“What I didn’t know until now, is, I’m a direct descendant of the Chief that signed the Treaty that gave that portion of the land at the north end of Andover Lake that is the Ancient Indian Burial Ground today to a white man for a hand full of beads. Archie
found out the man died soon after and the land reverted to its’ former owner, that is my family. My father is still Chief but when he passes, I’m the next Chief in line.

  “Who knew? I’m not sure how that has anything to do with anything. I don’t know if Archie J. can own a tribal casino in his own name that’s on an Indian Reserve, but he thought he found a loop hole by keeping me, the next chief, as a slave,” he said, shaking his head and taking a small drink of the cold coffee.

  “The last thing I want to talk about, is the experiences some of you had when you tried to find the cabin I slept in when the storm came up and sank my boat seven years ago. I’m not sure how Running Wolf did what he did, but he is someone you want to stay as far away from as possible. I know I’ve been talking for a long time, but I want to thank you all personally from the bottom of my heart for looking after Rikki and Harry. My family would never have survived without everyone’s help.”

  He looked up and took Rikki’s hand; unshed tears glistened in his eyes.

  ‘Betty’ was next. “I don’t have much to say, just that I’m glad it’s all over now, and we can all get back to a little fishing, and good eating at my place.”

  Everyone clapped.

  Bill Majors clinked his cup and everyone stopped talking, “I wanted you to know, our special guest, the one that gave Jack back his soul, unintentional or not, can’t be with us. That person needs to remain anonymous, but sends good wishes.”

  Barry asked the last question before desert, “Does anybody know anything about the Indian that helped Jack McKinnon out of the Great House, the night that Archie J. decided to kill him?”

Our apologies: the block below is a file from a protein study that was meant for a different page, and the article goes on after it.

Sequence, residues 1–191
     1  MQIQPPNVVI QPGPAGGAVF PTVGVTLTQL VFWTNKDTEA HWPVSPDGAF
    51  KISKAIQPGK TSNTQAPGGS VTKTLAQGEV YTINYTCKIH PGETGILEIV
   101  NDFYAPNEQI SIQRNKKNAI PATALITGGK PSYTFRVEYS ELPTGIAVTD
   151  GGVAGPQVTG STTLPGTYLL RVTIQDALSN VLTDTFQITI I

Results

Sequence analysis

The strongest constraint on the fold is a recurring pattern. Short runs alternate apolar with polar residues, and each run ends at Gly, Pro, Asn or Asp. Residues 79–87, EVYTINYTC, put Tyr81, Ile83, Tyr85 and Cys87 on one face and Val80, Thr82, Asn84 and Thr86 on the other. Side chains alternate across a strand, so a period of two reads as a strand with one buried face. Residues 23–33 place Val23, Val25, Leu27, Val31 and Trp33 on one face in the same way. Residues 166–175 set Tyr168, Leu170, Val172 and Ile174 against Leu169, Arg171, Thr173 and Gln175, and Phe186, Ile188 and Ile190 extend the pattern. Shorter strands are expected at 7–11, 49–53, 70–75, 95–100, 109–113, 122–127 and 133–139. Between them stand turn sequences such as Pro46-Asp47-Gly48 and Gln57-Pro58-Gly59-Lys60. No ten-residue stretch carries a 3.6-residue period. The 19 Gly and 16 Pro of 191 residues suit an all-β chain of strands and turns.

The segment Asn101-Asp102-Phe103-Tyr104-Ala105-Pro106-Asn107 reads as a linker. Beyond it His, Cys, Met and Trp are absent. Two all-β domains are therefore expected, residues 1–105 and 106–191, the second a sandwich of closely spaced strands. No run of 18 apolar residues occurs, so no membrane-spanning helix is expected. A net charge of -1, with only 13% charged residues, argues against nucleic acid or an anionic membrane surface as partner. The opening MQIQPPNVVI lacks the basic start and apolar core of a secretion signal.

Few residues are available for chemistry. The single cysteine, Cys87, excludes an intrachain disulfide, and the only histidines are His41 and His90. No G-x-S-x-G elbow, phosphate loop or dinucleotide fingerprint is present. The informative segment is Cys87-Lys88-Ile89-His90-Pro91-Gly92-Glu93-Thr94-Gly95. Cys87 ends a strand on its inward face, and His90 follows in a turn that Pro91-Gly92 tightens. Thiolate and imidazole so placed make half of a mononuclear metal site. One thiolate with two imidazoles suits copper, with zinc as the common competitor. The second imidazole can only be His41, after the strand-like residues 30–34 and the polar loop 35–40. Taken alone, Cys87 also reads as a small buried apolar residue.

A lot of speculation was offered, none of it true.

  Carol came in with the desert, and everyone began eating.

  The question no one wanted to ask, still hung in the air.

  Was the cabin with the pushed in door and the upside down ‘soul catcher’ real, or was it just imagination working overtime?

  Everyone sat and pondered the question except the short rotund professor from UBC seated across the Adler dinning room table. He looked up at Bill Majors and winked.

  The small leather medicine bag around his neck shimmered.

  # # #

  About the Author

  My husband and I travelled extensively after we retired. I draw much of the background for my stories from the many places we visited. Sometimes the people we met turn up as well. I write about unusual or unexplained events. I enjoy writing a story that can be, almost true.

  If you like ghostly adventure, you may enjoy, “The Baby Isn’t Dead”.

  This story is about an immigrant family that falls from wealth and position around the end of World War I. The Baron and his wife are forced to leave Germany. Due to stubbornness and lack of experience on the husband’s part, they sail to Canada among the poorest immigrants on an old ship.

  Life in Saskatchewan is hard, and the Baron enjoys blaming his wife and daughters for his lack of status in the community. His youngest child has a baby due to an incestuous relationship with her father and the baby is given to him to take to the Foundling Home.

  The baby never arrives.

  The father is sent to jail, serves his time and is released. He moves back into the house and ultimately dies. The family homestead lies empty until Elizabeth, the eldest daughter sends her granddaughter Samantha Baker to repair the house and sell it.

  Does the old man’s ghost haunt the house? What is the connection between Samantha’s good friend Kristi and the house? Where is all the money the old man is supposed to have hidden in the house?

  You will find this story and others about witches on my Home Page.